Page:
SO2 Lecture 04 - Interrupts




Quiz: interrupt terminology

For each of the following terms on the left select all the terms from right that best describe them.

  • Watchdog
  • Demand paging
  • Division by zero
  • Timer
  • System call
  • Breakpoint
  • Exception
  • Interrupt
  • Maskable
  • Nonmaskable
  • Trap
  • Fault

Programmable Interrupt Controller



Interrupt controllers in SMP systems



Enabling/disabling the interrupts

  • cli (CLear Interrupt flag)
  • sti (SeT Interrupt flag)

Interrupt priorities



Quiz: hardware concepts

Which of the following statements are true?

Interrupt Descriptor Table

Linux IRQ vector layout



Interrupt descriptor table entry (gate)



Interrupt handler address



Interrupt handler stack



Handling an interrupt request

Returning from an interrupt

Inspecting the x86 interrupt handling


Quiz: x86 interrupt handling

The following gdb commands are used to determine the handler for the int80 based system call exception. Select and arrange the commands or output of the commands in the correct order.

(void *) 0xc15de780 <entry_SYSENTER_32>

set $idtr_addr=($idtr_entry>>48<<16)|($idtr_entry&0xffff)

print (void*)$idtr_addr

set $idtr = 0xff800000

(void *) 0xc15de874 <entry_INT80_32>

set $idtr = 0xff801000

set $idtr_entry = *(uint64_t*)($idtr + 8 * 128)

monitor info registers

Interrupt handling in Linux



IRQ and exception nesting in Linux

Interrupt/Exception nesting



Interrupt context

  • it runs as a result of an IRQ (not of an exception)
  • there is no well defined process context associated
  • not allowed to trigger a context switch (no sleep, schedule, or user memory access)

Deferrable actions

  • Schedule callback functions to run at a later time
  • Interrupt context deferrable actions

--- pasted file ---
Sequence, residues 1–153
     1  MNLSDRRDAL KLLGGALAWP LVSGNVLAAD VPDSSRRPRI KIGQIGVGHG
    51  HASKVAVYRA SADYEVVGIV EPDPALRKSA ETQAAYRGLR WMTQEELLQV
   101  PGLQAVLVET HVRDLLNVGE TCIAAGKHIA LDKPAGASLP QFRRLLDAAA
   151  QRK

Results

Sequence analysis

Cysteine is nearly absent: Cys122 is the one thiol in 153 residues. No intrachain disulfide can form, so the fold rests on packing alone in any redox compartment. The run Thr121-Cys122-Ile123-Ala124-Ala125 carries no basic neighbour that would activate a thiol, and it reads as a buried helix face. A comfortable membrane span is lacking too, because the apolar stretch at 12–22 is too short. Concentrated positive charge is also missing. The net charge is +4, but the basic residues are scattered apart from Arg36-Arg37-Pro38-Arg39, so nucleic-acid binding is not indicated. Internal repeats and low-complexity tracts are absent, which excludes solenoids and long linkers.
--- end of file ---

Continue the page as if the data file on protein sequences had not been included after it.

• Process context deferrable actions
  • APIs for initialization, scheduling, and masking

Soft IRQs

Soft IRQ APIs:

  • initialize: open_softirq()
  • activation: raise_softirq()
  • masking: local_bh_disable(), local_bh_enable()

Once activated, the callback function do_softirq() runs either:

  • after an interrupt handler or
  • from the ksoftirqd kernel thread


  • minimum priority kernel thread
  • runs softirqs after certain limits are reached
  • tries to achieve good latency and avoid process starvation

Types of soft IRQs

/* PLEASE, avoid to allocate new softirqs, if you need not _really_ high
   frequency threaded job scheduling. For almost all the purposes
   tasklets are more than enough. F.e. all serial device BHs et
   al. should be converted to tasklets, not to softirqs.

  RCU_SOFTIRQ,    /* Preferable RCU should always be the last softirq */


Packet flood example



Tasklets are a dynamic type (not limited to a fixed number) of deferred work running in interrupt context.

Tasklets API:

  • initialization: tasklet_init()
  • activation: tasklet_schedule()
  • masking: tasklet_disable(), tasklet_enable()

Tasklets are implemented on top of two dedicated softirqs: TASKLET_SOFITIRQ and HI_SOFTIRQ

Tasklets are also serialized, i.e. the same tasklet can only execute on one processor.


Workqueues are a type of deferred work that runs in process context.

They are implemented on top of kernel threads.

Workqueues API:

  • init: INIT_WORK
  • activation: schedule_work()


Timers are implemented on top of the TIMER_SOFTIRQ

Timer API:

  • initialization: setup_timer()
  • activation: mod_timer()

Deferrable actions summary

  • softIRQ
    • runs in interrupt context
    • statically allocated
    • same handler may run in parallel on multiple cores
  • tasklet
    • runs in interrupt context
    • can be dynamically allocated
    • same handler runs are serialized
  • workqueues
    • run in process context

Quiz: Linux interrupt handling

Which of the following phases of interrupt handling runs with interrupts disabled at the CPU level?